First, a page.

The Guatemalan Civil War from 1960 to 1996 remains one of the most brutal conflicts in Latin American history. The Roman Catholic Church sent priests when the country was undergoing high levels of death, illiteracy, low incomes, and persecution. Father Rother (from Oklahoma and the first American priest to be beatified) was one of many priests sent. 

Father Rother connected with the Tz’utujil peoples, spread Catholicism, and eventually died for living out his Catholic faith. To connect with the Tz’utujil, Father Rother broke bread with the hungry, befriended all members of the community (including the outcasts), and learned Tz’utujil. The civil war within the country led to the military occupying the area Father Rother was at. They claimed they were protecting the community against the communist rebels, but the communist rebels weren’t there anymore. So, the military was the one inflicting danger– and Father Rother pointed this out.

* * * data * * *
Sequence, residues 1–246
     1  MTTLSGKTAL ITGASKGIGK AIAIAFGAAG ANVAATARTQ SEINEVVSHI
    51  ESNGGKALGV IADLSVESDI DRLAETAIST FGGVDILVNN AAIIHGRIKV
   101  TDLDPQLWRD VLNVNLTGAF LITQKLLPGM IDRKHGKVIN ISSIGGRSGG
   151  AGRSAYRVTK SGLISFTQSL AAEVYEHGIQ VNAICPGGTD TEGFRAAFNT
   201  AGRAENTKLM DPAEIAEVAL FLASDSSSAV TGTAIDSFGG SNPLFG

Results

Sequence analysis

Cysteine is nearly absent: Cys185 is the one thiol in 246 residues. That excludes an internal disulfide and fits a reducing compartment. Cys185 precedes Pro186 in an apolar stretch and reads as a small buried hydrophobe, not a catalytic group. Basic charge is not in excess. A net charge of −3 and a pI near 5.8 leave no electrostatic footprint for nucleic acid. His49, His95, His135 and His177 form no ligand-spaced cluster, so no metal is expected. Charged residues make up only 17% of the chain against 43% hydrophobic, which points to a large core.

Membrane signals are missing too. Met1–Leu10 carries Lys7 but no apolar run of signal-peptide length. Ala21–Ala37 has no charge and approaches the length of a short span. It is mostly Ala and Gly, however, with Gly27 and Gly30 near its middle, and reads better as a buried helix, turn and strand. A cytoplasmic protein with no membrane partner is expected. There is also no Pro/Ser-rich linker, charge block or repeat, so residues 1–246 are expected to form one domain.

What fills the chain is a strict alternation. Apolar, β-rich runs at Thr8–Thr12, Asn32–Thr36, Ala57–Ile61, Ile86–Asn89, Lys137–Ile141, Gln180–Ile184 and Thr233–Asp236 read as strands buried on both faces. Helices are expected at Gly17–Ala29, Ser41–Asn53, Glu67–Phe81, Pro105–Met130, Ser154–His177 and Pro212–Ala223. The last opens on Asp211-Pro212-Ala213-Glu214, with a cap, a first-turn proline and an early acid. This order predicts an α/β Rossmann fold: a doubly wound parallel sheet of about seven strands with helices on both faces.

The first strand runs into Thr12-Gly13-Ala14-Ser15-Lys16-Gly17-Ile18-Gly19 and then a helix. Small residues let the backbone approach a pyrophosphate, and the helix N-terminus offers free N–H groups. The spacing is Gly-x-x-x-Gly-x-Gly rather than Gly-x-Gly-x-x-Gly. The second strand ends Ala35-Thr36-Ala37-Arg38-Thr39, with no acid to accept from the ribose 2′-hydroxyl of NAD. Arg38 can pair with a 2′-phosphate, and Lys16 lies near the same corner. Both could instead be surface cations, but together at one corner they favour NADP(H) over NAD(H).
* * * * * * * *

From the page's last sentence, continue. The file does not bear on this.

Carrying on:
Though, Father Rother was an American and respected by the Tz’utujil peoples (thus, protecting him), his protection didn’t last, as he opened the door to his killers (so that no one else would get hurt– he also didn’t cry for help) and fought so that he wouldn’t be taken alive. 

Now, he is memorialized with others who helped the people caught in the middle of Guatemala’s civil war. Priests were kidnapped, tortured, and murdered. People were killed in horrifying ways that seemed too gruesome to detail.

Stories like Father Rother’s demonstrate the inhumanness of civil war, the innocent casualties, and the positive difference that individuals can make, especially in antithesis to the history of the role of foreign governments (eg the United States) in Latin American affairs. 

“Life and Death in Guatemala: The Witness of Stanley Francis Rother” -Dr. Charles Kenny